A sleeping space isn’t only a place for sleeping. It’s a place for going to sleep and waking up, as well as dozing and resting. Consider what the sleep space looks like from a child’s perspective.  Children often go to sleep faster and sleep longer in bunk cots[vi].  While stacked cots are often perceived by teachers to be like cages in a zoo[vii], the children using them will not necessarily have this perception. Traditional cots can be bad for teachers’ backs, whereas placing and settling a child in an upper level cot is much better ergonomically. The lower level also allows a mobile child to enter and exit the sleep space unassisted. The space saved by stacked cots can be used for a comfortable chair or couch for an adult, to assist settling a child, as well as providing space for a mother to breastfeed.  

Children will readily accept, and may be comforted by, non-intrusive background noise and soft, low levels of light. This has been borne out like the experience of having children sleep in outdoor spaces. For example, Childspace Early Learning Centres found that children preferred sleeping on, and slept well on, a covered deck, rather than in a dark sleep room. This does not, however, mean that children should be expected to sleep in an activity space, which can have very intrusive sounds and light, but the practice of using a very dark, totally quite sleep room, frequently interrupted with an opening door and bright light, is a recipe for sleep disturbance. Remember to think about adult presence in the room – a sleep room should always have a comfortable adult-sized chair. Finally, 2017 research has shown that it is very important to have adequate ventilation in sleeping areas that does not rely on people opening windows[viii].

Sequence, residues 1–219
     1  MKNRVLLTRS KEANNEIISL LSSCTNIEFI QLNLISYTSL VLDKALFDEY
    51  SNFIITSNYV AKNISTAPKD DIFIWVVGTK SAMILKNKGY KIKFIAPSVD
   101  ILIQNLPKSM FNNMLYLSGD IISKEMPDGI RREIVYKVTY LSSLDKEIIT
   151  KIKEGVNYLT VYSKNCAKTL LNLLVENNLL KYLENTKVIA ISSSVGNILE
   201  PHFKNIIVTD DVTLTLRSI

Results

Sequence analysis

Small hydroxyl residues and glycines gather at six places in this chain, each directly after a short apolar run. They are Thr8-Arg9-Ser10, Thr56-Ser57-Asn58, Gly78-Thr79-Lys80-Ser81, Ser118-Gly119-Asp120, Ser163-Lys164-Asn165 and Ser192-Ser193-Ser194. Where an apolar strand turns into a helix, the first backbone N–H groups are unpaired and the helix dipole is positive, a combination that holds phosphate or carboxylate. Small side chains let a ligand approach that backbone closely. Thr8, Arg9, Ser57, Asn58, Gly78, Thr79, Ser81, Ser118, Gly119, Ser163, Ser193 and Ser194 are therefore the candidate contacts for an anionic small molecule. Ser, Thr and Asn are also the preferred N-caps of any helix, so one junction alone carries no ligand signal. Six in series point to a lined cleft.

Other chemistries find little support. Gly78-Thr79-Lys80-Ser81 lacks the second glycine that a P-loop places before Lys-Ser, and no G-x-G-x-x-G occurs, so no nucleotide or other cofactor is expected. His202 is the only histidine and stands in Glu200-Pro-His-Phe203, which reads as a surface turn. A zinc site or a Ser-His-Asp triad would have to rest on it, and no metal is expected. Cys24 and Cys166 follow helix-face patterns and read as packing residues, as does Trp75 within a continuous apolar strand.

Storage spaces

Good storage design can reduce stress on adult bodies and help children gain independence and learn responsibility. Separate items that children should be able to access on their own from those that require adult assistance or permission. As far as possible, items that adults only will access should be located above waist height. This design approach can be used in conjunction with the teaching of responsibility. Encourage children to take part in the tidy up at the end of the session.

Designing spaces with adults in mind

Adult furniture

Suitable furniture for adults is just as important as suitable furniture for children.  Just as an office environment needs to take into account the functioning of a human body while sitting, standing or lifting, the same is true for the environment for early childhood teachers. For teachers, however, there are unavoidable actions that place strain on a human body such as lifting a child or helping them to them put on a coat or shoes. The provision of adult-sized furniture is not only about adult comfort. Comfortable adult furniture such as a couch is part of a normal, comfortable home environment in which children gather around an adult for storytelling or other activities.  

Staff rooms and non-contact workspace

While early childhood teaching can be rewarding and enjoyable, it is also emotionally demanding, requiring high levels of interpersonal interaction and sensitive interpretation of children’s communication, activities and needs. Comfortable and relaxed retreat space for staff is essential. The staff retreat space is a place to recharge, so it should not also be a workspace. If you can set aside a non-child access corner of the building with outside access and garden space, that can be ideal. Non-contact work time requires a dedicated office space.

Design for parents